Italian Drinking Level Puts Babies at Risk
Rate of fetal alcohol syndrome is much higher than expected, study finds
MONDAY, Aug. 28, 2006 (HealthDay News) -- Contrary to popular belief, Italians aren't more moderate drinkers than Americans, a new study finds.
The study also found that Italian rates for fetal alcohol syndrome (FAS) were much higher than expected.
Reporting in the September issue of the journal Alcoholism: Clinical and Experimental Research, the researchers examined levels of FAS and fetal alcohol spectrum disorders (FASD) among 543 Grade 1 students at 25 Italian primary schools in the Lazio region and concluded that drinking levels among some women in Italy are the same as those of high-risk drinkers in the United States.
"A common perception is that daily drinking with meals is less damaging to the fetus, and that this drinking pattern is the norm in Western Europe," study corresponding author Philip A. May, professor of sociology, and family and community medicine at the University of New Mexico, said in a prepared statement. "While we have still not untangled or answered this relationship, our study results do show that there are individuals in Italy who drink heavily enough to produce a rate of FAS which needs our attention."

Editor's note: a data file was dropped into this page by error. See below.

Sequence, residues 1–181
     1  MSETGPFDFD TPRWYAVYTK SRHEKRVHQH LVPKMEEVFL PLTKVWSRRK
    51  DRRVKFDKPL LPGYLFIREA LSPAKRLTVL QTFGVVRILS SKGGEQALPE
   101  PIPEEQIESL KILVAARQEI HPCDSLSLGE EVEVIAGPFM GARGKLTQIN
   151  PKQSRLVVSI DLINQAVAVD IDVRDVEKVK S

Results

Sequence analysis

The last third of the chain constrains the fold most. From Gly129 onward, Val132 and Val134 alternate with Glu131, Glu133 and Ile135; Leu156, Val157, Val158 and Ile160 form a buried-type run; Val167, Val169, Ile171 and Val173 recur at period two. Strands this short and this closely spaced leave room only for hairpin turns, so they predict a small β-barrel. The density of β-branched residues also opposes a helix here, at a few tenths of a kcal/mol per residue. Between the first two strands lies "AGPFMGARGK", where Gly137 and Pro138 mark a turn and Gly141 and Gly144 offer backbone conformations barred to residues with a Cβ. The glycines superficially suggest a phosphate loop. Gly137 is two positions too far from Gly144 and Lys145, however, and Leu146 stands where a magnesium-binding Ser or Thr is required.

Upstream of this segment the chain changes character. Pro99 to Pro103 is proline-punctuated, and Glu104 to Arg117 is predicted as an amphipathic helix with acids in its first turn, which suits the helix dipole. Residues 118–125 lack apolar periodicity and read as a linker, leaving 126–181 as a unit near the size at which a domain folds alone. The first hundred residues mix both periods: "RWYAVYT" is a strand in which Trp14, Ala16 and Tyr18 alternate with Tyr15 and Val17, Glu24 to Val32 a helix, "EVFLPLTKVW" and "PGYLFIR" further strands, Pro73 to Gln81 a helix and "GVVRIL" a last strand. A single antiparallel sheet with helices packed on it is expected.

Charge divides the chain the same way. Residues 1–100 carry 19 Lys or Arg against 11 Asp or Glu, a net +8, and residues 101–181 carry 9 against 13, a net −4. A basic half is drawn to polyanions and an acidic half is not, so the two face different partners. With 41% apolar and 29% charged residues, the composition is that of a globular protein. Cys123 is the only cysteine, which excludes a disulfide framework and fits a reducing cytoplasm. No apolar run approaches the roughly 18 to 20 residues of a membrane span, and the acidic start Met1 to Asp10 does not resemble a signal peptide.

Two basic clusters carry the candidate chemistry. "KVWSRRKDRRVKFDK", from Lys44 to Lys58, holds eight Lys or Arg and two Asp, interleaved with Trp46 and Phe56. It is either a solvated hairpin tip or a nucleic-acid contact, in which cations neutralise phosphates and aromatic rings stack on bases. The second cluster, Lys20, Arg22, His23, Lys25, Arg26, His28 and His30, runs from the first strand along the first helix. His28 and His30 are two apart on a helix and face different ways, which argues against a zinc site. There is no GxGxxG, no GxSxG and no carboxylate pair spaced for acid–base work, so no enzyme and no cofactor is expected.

The prevalence of FAS was 3.7 to 7.4 per 1,000 children, while the prevalence of FASD was 20.3 to 40.5 per 1,000 children. The estimates exceed previously published estimates of both FAS and FASD in the western world.
Previous animal and human studies have found that FAS and FASD are associated with heavy and/or binge drinking.
The mothers of the children were asked about their alcohol consumption. The mothers of children with FAS averaged 16 drinks per week, compared to 1.5 drinks per week among mothers of other children.
"The major message is that even in countries that people believed were free of FAS, prevalence may be three times higher than what is estimated from previous and comparable clinic-based or passive studies," May said.
"Certainly FAS prevalence is most likely underestimated in both the U.S. and Western Europe. We need to rethink prevalence rates, and we need to do more active-case ascertainment studies, in school or other population-based studies."
The American Academy of Family Physicians has more about fetal alcohol syndrome.